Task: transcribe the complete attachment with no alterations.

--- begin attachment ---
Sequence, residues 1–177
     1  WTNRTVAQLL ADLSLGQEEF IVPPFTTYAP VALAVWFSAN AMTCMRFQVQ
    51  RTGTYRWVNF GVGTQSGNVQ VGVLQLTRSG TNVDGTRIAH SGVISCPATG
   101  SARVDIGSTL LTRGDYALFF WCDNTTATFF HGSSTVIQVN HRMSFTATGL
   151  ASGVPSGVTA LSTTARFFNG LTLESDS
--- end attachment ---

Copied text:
Sequence, residues 1–177
     1  WTNRTVAQLL ADLSLGQEEF IVPPFTTYAP VALAVWFSAN AMTCMRFQVQ
    51  RTGTYRWVNF GVGTQSGNVQ VGVLQLTRSG TNVDGTRIAH SGVISCPATG
   101  SARVDIGSTL LTRGDYALFF WCDNTTATFF HGSSTVIQVN HRMSFTATGL
   151  ASGVPSGVTA LSTTARFFNG LTLESDS